Several foreign investments have been pledged in the summit as the total value of aid packages announced from Saudi Arabia, Kuwait, Oman and United Arab Emirates amounted to $12.5bn.
A new government project has also boomed at the summit. “The Capital Cairo” is deemed to be one of the largest-of-its-kind infrastructure development projects in the world, according to the government, and will form a key part of the government’s economic reform programme.
The project will cost $45bn, and will take between five to seven years to complete, Ministry of Housing Mostafa Madbouly said, expecting that the population of Greater Cairo, currently estimated at about 18 million, will double within 40 years.
“In less than a year, the government achieved high rates of success at all levels, as well as eliminating bureaucracy, whether in electricity, new and renewable energy, and the Suez Canal, which will be more than just a pathway,” said Finance Minister Hany Kadry Dimian during the Summit.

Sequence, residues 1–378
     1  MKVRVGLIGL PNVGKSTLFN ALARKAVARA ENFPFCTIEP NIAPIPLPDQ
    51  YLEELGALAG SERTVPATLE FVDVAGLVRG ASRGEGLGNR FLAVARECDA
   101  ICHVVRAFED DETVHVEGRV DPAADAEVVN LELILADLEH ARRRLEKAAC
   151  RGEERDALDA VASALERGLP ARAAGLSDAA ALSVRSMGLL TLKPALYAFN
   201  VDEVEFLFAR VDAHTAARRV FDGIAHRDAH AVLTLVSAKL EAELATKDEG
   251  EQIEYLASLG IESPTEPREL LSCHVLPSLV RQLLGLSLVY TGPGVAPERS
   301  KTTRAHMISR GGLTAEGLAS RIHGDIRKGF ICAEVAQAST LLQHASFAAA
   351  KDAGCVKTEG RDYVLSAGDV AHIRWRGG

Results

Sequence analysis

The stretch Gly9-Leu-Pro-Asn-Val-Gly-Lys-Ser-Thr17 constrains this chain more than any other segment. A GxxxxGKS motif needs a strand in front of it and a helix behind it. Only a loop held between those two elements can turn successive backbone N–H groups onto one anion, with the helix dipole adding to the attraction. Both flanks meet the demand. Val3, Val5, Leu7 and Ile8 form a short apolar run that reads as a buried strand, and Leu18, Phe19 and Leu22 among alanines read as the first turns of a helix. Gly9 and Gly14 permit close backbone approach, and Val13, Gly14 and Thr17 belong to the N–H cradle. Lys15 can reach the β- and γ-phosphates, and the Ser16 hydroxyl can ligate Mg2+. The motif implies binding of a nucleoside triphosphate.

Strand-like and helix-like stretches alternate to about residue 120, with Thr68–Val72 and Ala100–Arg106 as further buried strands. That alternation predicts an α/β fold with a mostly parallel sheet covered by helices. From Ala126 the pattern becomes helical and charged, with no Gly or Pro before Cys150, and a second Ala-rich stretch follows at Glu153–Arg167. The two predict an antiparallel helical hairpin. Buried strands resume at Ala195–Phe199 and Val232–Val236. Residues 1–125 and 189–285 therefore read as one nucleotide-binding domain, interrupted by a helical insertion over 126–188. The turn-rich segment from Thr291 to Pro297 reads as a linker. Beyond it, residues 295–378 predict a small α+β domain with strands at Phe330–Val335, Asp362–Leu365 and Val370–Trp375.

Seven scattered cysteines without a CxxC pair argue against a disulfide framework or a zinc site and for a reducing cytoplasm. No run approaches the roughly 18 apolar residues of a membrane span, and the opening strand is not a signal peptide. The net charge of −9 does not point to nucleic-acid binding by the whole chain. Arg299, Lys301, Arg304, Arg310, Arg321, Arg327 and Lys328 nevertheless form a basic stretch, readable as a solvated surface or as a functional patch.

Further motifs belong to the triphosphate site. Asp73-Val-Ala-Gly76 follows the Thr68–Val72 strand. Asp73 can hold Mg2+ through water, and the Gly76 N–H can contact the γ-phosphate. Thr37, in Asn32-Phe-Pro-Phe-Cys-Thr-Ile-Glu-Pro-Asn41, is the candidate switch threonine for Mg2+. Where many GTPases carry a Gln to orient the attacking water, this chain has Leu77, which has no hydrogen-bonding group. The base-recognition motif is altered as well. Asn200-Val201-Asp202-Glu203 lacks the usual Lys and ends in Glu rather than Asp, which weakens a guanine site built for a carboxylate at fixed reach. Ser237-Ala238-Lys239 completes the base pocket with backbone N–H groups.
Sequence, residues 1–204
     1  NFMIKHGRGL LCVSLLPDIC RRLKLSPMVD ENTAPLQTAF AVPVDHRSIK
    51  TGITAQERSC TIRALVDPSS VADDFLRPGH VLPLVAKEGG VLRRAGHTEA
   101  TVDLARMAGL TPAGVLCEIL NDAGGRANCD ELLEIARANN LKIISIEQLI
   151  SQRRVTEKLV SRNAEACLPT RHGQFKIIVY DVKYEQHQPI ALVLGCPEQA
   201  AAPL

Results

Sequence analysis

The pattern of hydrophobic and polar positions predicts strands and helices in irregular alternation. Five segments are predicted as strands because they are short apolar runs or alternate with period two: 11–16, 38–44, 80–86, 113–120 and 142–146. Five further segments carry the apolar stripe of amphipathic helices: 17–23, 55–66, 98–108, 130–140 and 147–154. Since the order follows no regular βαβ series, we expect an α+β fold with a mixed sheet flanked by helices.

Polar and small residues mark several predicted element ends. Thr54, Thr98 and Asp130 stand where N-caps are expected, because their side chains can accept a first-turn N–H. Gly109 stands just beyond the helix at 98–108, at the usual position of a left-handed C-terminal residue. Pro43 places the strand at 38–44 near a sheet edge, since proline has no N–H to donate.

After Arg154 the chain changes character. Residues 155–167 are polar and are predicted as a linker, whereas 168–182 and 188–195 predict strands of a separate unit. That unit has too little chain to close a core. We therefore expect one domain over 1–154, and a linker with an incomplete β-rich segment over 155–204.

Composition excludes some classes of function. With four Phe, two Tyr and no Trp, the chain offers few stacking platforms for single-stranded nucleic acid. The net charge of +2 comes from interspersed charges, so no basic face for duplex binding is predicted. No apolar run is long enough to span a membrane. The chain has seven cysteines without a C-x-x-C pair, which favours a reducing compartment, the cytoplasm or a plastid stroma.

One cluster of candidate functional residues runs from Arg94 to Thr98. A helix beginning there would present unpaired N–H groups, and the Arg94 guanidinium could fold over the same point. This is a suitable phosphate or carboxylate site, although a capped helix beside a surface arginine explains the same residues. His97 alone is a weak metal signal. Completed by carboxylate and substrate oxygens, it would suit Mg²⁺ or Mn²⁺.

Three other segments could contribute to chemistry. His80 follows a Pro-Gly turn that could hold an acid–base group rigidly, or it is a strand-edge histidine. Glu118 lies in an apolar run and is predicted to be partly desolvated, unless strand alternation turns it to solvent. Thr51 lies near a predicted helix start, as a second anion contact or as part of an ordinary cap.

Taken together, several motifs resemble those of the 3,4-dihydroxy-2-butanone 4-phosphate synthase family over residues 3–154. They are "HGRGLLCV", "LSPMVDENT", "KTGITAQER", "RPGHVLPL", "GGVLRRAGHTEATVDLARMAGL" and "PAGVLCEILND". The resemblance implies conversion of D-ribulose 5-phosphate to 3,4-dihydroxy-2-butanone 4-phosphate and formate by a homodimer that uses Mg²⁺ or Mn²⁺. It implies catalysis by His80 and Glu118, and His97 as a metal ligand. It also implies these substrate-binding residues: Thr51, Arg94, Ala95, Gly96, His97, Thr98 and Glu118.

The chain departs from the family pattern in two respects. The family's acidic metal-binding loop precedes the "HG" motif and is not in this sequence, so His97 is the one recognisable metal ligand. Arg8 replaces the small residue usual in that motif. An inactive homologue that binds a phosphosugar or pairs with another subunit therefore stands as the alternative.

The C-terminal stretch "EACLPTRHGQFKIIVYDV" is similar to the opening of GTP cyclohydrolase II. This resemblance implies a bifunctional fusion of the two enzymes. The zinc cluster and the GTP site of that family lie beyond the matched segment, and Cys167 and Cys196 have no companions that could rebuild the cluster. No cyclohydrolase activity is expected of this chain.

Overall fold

Dimian added that the government has made a series of financial reforms that will reduce the deficit to 8% during the next three years. The government will also be directing all saved money to constitutional dues related to increasing spending on education and health.
The Suez Canal Project was also said to be the leading project for the Egyptian economy during the next years, according to Prime Minister Ibrahim Mehleb, who confirmed that investment revenues will be distributed to all Egyptians, which guarantees comprehensive and sustainable development.
Egypt aims to reach a 4% growth rate during the current fiscal year (FY) 2014/2015, and 6% over the next five years, according to President Abdel Fattah Al-Sisi. This comes in addition to decreasing the unemployment rate to 10%.